Xavier Cooper has shown flashes of being a forceful attacker at the tackle spot, while safety Deone Buchanan will anchor a secondary that needs to improve its coverage after allow opposing quarterbacks to complete 64.2 percent of passes in 2011 while only picking off eight.
The Cougars return nine starters from last season, which will allow for consistency despite coaching changes across the board. The Cougars have depth as well and will build upon last year to earn respectability in the Pac-12.
The Beavers appear to be in a bit of a rut, finishing under .500 in consecutive years. The running defense was awful last year in allowing over 200 yards per game, while the Beavers were near the bottom quarter nationally in surrendering 31 points per contest.
The line was ravaged by injuries last season, which opened up playing time for Scott Crichton. The freshmen ended up with 14.5 tackles for loss, six sacks and six forced fumbles and will be relied upon to spearhead a better effort to contain opponent’s ball-carriers in the backfield.
Jordan Poyer is a star in the back seven who possesses the speed and ability to shut down top receivers. The Beavers return four of five starters at linebacker, but both the linebacking corps and the secondary need a less porous run-stopping performance from the line in order for the defense to achieve balance.
The Bruins have a wealth of talent on defense and this should be the year to see that talent actualize into results.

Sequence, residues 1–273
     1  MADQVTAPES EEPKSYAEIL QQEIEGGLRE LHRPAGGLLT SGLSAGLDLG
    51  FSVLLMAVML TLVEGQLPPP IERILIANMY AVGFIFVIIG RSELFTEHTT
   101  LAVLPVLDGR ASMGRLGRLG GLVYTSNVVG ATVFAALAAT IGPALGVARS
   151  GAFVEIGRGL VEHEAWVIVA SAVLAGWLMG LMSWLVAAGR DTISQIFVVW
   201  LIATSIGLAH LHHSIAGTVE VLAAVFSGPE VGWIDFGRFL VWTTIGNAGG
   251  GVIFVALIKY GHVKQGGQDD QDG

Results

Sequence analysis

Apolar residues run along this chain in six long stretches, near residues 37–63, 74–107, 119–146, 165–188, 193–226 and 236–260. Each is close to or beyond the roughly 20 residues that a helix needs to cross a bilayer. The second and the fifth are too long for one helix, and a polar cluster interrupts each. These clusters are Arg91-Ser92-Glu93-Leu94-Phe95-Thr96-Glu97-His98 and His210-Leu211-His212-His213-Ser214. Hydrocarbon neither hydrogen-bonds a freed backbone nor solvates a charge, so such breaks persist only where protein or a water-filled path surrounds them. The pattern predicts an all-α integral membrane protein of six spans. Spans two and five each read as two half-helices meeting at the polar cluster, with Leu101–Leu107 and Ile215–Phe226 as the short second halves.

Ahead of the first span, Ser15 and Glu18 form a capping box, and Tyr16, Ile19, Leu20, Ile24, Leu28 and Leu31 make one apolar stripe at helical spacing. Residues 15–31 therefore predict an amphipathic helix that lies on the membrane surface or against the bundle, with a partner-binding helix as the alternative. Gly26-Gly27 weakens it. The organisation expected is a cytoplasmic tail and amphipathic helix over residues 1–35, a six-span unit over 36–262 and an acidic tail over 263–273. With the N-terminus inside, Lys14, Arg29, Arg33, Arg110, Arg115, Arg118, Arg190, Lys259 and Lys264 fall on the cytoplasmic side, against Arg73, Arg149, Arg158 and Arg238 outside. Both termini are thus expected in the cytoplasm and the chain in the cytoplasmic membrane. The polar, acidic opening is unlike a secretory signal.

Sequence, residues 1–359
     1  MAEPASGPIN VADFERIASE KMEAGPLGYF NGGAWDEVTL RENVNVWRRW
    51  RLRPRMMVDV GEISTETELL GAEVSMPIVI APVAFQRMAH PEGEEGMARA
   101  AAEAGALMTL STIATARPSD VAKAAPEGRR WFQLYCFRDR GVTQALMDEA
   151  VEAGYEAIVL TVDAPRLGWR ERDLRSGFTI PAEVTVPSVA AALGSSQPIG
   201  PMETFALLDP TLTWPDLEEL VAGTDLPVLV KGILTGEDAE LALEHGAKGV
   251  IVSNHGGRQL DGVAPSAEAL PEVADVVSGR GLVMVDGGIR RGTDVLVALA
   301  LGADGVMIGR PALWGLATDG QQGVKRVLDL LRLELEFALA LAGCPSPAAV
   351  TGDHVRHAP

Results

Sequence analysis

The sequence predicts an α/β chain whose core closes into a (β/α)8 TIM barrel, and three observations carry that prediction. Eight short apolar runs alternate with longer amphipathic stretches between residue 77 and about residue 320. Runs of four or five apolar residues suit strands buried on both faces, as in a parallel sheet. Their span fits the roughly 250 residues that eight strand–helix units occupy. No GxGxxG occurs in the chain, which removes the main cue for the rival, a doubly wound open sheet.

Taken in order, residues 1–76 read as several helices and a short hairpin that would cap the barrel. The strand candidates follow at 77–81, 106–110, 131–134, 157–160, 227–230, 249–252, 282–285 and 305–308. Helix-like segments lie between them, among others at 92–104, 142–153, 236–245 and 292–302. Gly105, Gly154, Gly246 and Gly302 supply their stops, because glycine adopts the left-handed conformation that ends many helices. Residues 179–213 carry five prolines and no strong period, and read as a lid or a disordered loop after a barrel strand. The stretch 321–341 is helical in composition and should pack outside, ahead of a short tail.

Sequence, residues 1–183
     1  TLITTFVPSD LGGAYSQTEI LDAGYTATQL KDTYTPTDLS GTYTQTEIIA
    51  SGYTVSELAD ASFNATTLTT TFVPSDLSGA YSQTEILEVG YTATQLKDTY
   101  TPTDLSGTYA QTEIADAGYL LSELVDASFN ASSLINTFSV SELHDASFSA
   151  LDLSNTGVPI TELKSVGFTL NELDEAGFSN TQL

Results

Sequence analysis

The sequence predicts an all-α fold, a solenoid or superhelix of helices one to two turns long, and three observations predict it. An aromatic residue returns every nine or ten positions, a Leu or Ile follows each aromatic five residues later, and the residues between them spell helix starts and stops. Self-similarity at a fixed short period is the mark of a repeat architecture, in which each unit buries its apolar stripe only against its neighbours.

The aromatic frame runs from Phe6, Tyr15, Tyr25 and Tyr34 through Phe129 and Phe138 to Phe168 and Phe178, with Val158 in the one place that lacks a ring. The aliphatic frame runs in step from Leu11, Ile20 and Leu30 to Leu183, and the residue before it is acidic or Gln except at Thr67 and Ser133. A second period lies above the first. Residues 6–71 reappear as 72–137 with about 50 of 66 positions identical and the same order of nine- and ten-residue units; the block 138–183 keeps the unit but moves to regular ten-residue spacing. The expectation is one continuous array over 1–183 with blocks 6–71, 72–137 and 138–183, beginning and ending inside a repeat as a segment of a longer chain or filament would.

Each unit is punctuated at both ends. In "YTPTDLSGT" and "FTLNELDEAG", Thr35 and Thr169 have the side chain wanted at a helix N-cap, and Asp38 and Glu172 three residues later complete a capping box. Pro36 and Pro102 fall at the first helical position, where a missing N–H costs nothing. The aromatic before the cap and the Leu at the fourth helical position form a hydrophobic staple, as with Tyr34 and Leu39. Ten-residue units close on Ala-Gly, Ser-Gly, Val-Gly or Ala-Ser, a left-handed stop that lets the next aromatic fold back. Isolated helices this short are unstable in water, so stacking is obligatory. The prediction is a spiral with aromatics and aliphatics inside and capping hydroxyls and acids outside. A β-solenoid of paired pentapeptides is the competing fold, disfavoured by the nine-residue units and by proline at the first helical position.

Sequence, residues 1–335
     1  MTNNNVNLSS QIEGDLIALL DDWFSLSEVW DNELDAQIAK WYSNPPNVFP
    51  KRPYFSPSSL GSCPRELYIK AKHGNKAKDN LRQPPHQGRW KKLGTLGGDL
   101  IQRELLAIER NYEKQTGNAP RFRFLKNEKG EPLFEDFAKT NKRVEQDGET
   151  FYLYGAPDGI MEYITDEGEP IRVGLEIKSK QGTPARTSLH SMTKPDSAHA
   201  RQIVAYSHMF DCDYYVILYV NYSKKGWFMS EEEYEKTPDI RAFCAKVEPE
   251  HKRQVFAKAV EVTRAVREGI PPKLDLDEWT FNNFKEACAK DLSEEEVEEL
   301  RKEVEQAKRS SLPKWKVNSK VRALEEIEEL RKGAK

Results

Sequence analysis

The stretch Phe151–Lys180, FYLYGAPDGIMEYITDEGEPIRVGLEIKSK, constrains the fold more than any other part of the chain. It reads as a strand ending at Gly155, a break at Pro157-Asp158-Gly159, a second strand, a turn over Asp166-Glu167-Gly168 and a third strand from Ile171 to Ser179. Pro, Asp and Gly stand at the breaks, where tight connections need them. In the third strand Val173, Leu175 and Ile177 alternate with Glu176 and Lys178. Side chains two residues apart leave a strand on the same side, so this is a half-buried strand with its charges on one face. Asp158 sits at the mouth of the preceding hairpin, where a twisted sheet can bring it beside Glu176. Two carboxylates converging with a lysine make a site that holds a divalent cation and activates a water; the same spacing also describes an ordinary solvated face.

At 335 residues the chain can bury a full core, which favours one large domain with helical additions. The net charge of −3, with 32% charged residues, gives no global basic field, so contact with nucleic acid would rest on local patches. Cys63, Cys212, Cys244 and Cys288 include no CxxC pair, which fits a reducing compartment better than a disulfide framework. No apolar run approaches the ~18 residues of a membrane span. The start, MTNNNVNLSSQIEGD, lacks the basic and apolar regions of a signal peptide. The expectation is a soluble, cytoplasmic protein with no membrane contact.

Safety Tevin McDonald had three interceptions against Cal last year and the sophomore looks to be a rising star. Cornerbacks Sheldon Price and Aaron Hester could provide a dynamic duo, with Hester having the speed to cover deep while Price has the ferocity and physicality to lock in on opposing runners.
Linebacker Eric Kendricks is another sophomore poised for greatness and will learn from senior Patrick Larimore how to become a leader of the defense.
Finally, five-star defensive tackle recruit Ellis McCarthy was the big score in new head coach Jim Mora’s first offseason. He will join a group with plenty of untapped potential on the defensive front, and will be sure to receive instant playing time.
UCLA has less established stars than the top defensive outfits in the conference, but 2012 could see a large number of former top recruits taking a large step forward in their on-field performances.
The Golden Bears are solid all-around, but will need some stars to emerge in order to become a defense to be reckoned with.